Troubleshooter

Ronald Weber, Author St. Martin's Press $14.95 (199p) ISBN 978-0-312-01839-9
This fine espionage novel by the author of Company Spook is an intelligent examination of the personalities involved in covert operations, rather than a global frenzy of derring-do. It's a refreshing alternative to thrillers that dispense with humanity in favor of high-tech faceoffs. Robert Laski is a professor of English at Princeton. Learning that a colleague, Tommy Manders, has disappeared during his sabbatical in Portugal, he flies to Lisbon with Manders's wife, Margaret. But Margaret has deliberately left Laski in the dark on some crucial facts: she and her husband are both CIA recruits; her husband is serving his own purposes by acting as an art consultant to a former Communist leader; and a CIA troubleshooter is waiting in Portugal to make sure everything turns out right for the Company. Unfortunately, Weber unravels the novel's counterconspiracies a trifle too early and keeps the chat too polite as the inevitable confrontation draws near. But his prose is precise, yet lyrical, and he effectively depicts the beauty and history of Portugal as well as the subtleties of his character's behavior. He's also not afraid to suggest that those who carefully and dutifully prepare plans against other people, whether for country or for profit, are equally culpable for their lack of conscience. (August)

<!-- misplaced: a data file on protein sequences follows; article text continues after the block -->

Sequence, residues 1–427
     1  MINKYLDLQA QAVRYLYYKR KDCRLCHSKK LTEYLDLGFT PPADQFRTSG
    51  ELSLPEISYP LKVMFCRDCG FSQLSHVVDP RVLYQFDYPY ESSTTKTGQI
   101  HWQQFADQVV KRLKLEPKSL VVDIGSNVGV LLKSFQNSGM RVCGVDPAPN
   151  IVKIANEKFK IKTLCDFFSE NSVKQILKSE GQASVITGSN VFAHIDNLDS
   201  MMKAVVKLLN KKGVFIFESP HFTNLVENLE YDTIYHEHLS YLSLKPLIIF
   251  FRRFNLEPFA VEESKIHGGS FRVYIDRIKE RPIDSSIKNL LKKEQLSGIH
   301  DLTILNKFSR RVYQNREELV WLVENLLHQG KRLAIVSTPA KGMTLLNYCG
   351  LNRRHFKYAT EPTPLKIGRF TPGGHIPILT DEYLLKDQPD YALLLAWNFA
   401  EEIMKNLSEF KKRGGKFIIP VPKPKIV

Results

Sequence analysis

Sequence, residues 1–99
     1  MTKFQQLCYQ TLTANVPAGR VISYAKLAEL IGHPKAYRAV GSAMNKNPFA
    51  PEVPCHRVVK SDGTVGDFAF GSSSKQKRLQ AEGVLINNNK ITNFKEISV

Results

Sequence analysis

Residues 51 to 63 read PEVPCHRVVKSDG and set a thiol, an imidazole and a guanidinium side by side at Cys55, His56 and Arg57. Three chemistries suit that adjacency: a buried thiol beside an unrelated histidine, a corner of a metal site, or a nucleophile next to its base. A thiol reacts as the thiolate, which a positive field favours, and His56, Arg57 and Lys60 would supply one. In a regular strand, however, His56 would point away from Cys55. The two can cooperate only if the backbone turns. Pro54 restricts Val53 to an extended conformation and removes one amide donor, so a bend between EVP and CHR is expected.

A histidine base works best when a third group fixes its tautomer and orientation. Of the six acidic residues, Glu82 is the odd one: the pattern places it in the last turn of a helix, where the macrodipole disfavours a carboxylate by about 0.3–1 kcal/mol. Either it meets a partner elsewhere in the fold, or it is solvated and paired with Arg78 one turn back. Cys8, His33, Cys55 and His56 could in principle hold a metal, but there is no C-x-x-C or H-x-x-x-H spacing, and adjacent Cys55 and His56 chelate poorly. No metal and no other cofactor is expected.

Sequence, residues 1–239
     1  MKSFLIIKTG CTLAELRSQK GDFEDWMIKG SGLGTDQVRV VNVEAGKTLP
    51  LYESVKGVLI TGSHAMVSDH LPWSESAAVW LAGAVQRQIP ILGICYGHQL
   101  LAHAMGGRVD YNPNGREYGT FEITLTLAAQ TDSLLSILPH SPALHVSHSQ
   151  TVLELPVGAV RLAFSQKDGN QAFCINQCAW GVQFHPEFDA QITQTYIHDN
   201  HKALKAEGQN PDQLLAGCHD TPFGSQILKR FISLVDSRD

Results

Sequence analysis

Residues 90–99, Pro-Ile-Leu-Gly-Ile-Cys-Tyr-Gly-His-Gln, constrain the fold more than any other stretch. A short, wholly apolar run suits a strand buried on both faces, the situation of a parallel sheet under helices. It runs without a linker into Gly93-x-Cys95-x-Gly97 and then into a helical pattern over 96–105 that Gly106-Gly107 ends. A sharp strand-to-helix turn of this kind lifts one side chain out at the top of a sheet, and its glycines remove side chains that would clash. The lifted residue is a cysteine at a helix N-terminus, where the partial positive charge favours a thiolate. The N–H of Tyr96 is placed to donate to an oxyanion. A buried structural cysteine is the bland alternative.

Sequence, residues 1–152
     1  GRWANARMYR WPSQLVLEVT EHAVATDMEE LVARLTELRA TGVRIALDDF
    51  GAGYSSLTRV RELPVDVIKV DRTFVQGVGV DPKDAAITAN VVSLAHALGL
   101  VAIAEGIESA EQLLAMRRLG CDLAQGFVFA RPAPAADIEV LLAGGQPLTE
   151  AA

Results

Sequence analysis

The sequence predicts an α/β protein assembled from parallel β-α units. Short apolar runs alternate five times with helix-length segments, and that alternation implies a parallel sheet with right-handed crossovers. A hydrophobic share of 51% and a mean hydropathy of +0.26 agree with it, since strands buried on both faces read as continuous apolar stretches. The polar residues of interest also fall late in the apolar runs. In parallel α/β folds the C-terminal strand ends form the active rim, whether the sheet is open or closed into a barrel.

Reviewed on: 01/01/1988
Release date: 01/01/1988
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